Comparison is the death of joy

14 thoughts on “Find Contentment by Ignoring Everyone Else ;)

  1. Just dropping by from Inspired Blogging, its nice meeting you Stephanie. 🙂 I love your blog post very much. So much truth in all that you shared.

    How timely for me to read your post, with the decision I just made this evening to take the summer away from social media. My life has been going through a difficult and intense phase the past 2 years almost, and it’s been so darn hard to show up when feeling less than, amidst all that’s been going on. I’m choosing to give myself a break and a lot of self care this summer, and return online in September. Social media makes it very hard for us to not compare ourselves with the images we see of everyone’s lives and what’s shared online…. of course we never really know the reality of people’s lives and whether they are sharing their reality.

    Thank you for sharing this article. Lovely.

    1. Suzanne, I’m soooo glad this post was meaningful to you. 🙂 I understand going through a difficult phase in life, as I have soooo been there… Such a wise idea, to take the summer off from social media so you can focus on caring for yourself! I hope that in September, you come back feeling refreshed, rested, and at peace. 🙂

  2. I don’t often post about bad things happening in my life, because I’ve always been told that “no one wants to hear you whine.” To be honest, I rarely talk about my personal life directly–it’s all about what I’ve read or seen or think. That might make me seem like having a smooth life without real problems.

    1. I’ve heard the same thing about not whining! And that’s a great example about why we shouldn’t assume things about people’s lives based on what they write. Thank you for sharing!

  3. I think one reason people may not post about painful things is that, yes, no one wants to hear a steady diet of troubles, but also…people don’t know how to deal with pain. You post that your pet died on Facebook, and what do people do, press “Like”? The best some of them can do is put a little sad emoticon.

    It’s like with a painful subject, people are so paralyzed with saying the wrong thing that they say nothing, and that comes off as uncaring, and so the person who posted the painful topic learns to just post the light, frivolous things from then on: the candy crush updates and how they scored on a buzzfeed quiz, because when they actually opened their heart–they were ignored.

    1. You’re right. And that’s a very sad thing when it happens — which is probably far too often. Worry about being judged or ignored can cause someone to protect themselves by being less transparent online. And it would really hurt too, to share something you’re struggling with and have no one respond. 🙁 Definitely when I advocate ignoring others, it’s just in terms of not comparing our lives and thus feeling less worthy about ourselves. We should definitely always reach out to others when we see someone hurting, to help make sure sad scenarios like that don’t happen. Thank you for sharing such a great point.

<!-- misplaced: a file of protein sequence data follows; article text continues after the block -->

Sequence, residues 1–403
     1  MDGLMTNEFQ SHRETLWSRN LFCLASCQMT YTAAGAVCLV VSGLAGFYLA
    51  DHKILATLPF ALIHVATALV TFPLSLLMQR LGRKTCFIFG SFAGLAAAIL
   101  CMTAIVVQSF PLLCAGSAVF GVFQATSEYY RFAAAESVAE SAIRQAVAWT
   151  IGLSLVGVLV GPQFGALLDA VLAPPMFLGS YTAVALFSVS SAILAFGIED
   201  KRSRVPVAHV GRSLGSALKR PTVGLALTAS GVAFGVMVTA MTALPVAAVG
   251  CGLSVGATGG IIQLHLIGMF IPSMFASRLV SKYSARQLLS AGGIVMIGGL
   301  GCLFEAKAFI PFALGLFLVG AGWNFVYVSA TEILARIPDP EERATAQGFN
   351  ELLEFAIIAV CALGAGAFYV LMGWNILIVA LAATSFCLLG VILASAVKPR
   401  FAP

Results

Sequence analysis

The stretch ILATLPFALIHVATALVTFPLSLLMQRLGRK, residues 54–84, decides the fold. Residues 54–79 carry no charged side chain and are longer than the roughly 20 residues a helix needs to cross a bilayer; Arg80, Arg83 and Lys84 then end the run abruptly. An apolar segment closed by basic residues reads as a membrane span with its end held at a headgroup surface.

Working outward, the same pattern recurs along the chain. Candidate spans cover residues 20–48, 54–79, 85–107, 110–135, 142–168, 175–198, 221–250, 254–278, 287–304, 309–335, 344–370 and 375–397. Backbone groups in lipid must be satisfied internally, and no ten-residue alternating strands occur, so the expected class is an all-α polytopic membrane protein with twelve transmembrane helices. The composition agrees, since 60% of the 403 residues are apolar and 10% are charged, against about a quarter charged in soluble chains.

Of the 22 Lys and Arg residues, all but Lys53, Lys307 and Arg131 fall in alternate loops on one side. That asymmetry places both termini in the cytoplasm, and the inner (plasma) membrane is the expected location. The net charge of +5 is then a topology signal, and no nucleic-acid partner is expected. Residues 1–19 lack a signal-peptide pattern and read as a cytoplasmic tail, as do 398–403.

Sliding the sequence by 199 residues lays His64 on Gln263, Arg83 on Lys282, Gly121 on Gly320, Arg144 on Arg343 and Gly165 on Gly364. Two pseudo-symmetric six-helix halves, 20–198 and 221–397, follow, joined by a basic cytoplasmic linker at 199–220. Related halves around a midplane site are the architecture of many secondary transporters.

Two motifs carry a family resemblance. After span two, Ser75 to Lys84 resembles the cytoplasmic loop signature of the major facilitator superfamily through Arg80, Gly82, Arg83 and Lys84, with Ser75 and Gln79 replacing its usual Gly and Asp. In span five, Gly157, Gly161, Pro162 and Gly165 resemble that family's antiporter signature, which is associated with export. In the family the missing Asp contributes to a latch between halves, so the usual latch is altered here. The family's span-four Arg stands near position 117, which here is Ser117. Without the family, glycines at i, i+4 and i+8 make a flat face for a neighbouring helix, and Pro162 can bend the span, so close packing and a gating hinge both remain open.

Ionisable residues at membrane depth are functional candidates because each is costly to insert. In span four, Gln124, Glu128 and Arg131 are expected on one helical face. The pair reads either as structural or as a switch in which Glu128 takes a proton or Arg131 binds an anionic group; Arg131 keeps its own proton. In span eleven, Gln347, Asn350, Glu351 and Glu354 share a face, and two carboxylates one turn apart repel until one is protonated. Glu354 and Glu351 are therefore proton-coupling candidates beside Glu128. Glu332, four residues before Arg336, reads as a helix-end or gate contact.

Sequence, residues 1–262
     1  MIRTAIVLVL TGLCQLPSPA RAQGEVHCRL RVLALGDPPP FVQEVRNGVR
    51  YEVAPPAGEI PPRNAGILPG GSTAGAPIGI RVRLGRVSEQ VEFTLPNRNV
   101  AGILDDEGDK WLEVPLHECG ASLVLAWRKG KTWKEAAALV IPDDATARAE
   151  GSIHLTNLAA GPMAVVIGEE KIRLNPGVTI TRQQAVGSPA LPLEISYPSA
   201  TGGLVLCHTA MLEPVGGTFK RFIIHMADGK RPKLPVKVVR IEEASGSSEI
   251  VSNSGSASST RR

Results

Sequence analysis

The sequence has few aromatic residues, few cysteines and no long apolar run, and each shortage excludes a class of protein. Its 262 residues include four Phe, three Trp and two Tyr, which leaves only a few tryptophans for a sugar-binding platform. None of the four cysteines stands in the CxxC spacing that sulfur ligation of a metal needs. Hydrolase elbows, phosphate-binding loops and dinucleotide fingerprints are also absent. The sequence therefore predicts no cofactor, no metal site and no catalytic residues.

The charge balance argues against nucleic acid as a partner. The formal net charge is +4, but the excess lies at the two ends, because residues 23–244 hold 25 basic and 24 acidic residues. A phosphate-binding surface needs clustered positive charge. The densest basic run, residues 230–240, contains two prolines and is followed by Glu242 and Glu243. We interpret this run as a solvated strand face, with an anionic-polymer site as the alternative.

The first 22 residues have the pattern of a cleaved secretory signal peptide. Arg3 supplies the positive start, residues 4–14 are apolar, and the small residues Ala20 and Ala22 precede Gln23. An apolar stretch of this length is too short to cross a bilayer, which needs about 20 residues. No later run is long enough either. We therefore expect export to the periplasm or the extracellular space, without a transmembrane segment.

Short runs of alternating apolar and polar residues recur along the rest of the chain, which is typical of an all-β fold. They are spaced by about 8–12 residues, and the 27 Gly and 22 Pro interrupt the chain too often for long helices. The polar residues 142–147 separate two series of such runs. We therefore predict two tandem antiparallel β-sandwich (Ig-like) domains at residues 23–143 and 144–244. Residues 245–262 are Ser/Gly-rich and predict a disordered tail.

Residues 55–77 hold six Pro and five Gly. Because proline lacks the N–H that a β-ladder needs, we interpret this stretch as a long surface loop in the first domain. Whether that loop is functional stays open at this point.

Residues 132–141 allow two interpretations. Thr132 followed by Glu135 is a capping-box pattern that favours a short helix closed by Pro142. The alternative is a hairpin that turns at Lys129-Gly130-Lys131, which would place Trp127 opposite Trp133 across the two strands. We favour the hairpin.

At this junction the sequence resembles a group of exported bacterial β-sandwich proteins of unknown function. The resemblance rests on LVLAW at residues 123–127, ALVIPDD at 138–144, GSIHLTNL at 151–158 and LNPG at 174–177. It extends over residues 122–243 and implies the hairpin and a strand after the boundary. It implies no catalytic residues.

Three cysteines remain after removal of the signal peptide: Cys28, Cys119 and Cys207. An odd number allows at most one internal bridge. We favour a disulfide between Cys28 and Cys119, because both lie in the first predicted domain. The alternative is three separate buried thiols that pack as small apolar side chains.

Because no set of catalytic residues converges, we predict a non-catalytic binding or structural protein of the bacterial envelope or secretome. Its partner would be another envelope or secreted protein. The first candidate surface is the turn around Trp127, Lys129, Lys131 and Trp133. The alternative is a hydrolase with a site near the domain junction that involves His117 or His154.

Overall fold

1. Oh, I know you didn’t mean “ignoring” that way. I was just saying, there’s a reason people only post the “happy” stuff. It takes courage to share the feelings of uncertainty, especially since there is always the risk that there will be complete silence in response. But God bless the one who reaches out, even if their words are clumsy!

        1. Absolutely! I know I don’t always have that kind of courage, that’s for sure. I really admire people who are transparent about their lives.

  4. So very true. As an Artist, I used to compare myself to other Artist. I would use that comparison to then judge myself….of course, that never went well. It only served to make me feel even more inadequate. It took me several years, but I finally learned NOT to compare, but to be inspired. Inspired to continue to paint, to grow as an artist!

  5. Hello Stephanie,

    This is my first visit here from Inspired blogging group and I must tell you that I thoroughly enjoyed reading your post and I could relate to most points mentioned.

    I used to care and make myself miserable thinking what others said or thought of me. Always conscious feeling sad when I was being talked about or criticized. Life became a living hell.

    It was only after getting married my husband would constantly remind me that this behavior will only make things worse for me.

    I gradually let go of that way of thought and wow….it feels good…I’m happier, free to be me.

    Thank you for the reminder in this post.

    1. Hi Hema! 🙂 Thanks for visiting and I’m soooo glad you liked the post. Wow, sounds like your husband was really helpful in teaching you to let go. It’s still a lesson I have to remind myself about every week, but life is so much better when I can do it. 🙂

  6. So nice to meet you through Inspired Blogging. You bring up such a good point in your post. As an artist it is difficult at times to not compare yourself to all of the art you see online. But like Debbie said above I try to use it as inspiration and continue to work at my level. Thanks for sharing.

    1. Thanks for visiting! I agree — if as artists we can look at others’ work for inspiration rather than a measuring stick of our own quality, that is definitely the best way to go. 🙂

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